It is a condition in which increased fluid pressure inside the eye causes damage to the optic nerve, resulting in partial vision loss or blindness. There are four types of glaucoma: closed-angle (acute), open-angle (chronic), secondary, and congenital. Glaucoma is the third most common cause of blindness in the U.S.
Fluid pressure increases in the eye when the eye's fluid (called aqueous humor) does not drain properly. This pressure reduces the blood supply to the optic nerve and causes the death of nerve cells. As these cells die, blind spots develop. Without treatment, glaucoma can eventually lead to blindness. Closed-angle (acute) glaucoma occurs when the iris slips forward and closes off the exit of the aqueous humor. This type is more common amongst farsighted people. Open-angle (chronic) glaucoma is the most common type of glaucoma. It occurs when the fluid channels in the wall of the eye gradually narrow with time. Secondary glaucoma is caused by other diseases or drugs. Congenital glaucoma is present at birth and occurs as a result of a defect in the development of the eye's fluid channels.
Regular eye examinations by your ophthalmologist are the best way to detect glaucoma. Your ophthalmologist will measure your intraocular pressure, inspect the drainage angle of your eye, evaluate whether there is any optic nerve damage, and test the peripheral vision of each eye.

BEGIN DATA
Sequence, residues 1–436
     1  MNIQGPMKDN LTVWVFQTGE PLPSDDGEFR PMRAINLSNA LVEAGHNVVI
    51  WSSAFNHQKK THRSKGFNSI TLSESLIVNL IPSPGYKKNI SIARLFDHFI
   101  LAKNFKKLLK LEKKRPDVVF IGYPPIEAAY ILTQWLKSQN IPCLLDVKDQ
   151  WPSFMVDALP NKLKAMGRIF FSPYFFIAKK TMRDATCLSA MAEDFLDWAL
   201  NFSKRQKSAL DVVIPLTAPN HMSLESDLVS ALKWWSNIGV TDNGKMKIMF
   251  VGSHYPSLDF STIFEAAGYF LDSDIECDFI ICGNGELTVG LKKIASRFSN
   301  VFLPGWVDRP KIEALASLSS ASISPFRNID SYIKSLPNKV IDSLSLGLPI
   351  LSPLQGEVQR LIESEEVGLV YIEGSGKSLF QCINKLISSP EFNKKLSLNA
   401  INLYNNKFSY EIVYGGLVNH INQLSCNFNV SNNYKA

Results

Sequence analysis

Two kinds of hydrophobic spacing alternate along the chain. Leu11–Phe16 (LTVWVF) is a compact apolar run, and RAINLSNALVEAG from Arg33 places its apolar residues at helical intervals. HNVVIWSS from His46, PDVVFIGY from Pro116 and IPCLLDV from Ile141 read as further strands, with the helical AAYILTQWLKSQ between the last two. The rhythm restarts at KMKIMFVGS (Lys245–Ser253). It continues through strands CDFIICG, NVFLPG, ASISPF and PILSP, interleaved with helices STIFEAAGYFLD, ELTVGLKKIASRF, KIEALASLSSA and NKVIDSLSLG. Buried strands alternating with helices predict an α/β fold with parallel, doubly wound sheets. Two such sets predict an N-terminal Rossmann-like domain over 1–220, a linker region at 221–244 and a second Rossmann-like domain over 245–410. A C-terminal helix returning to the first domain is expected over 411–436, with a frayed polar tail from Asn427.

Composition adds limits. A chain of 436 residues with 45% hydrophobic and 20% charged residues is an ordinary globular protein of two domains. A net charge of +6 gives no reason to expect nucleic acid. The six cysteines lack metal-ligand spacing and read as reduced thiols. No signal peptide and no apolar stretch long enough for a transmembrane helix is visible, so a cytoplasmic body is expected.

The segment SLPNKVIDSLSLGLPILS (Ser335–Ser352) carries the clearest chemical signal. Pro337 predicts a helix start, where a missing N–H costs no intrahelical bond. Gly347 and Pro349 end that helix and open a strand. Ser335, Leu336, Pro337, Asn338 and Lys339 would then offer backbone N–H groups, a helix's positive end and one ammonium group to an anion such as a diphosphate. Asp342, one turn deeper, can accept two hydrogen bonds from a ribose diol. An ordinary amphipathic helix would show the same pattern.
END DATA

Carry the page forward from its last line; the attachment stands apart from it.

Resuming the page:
African-Americans over age 40, everyone over age 60 (especially Mexican-Americans), and people with a family history of glaucoma.
Damage caused by glaucoma usually cannot be reversed. Eye drops, laser surgery, and operating room surgery can be used to help prevent further damage. Oral medication may also be prescribed.
There is no real prevention for glaucoma. Early detection, however, may prevent further vision loss and blindness. Anyone older than 35 should have an eye examination at least every 2 years.
This document is provided for informational purposes only. Please consult an eye care professional about symptoms that may require medical attention and may or may not be covered by your medical plan and/or routine vision plan.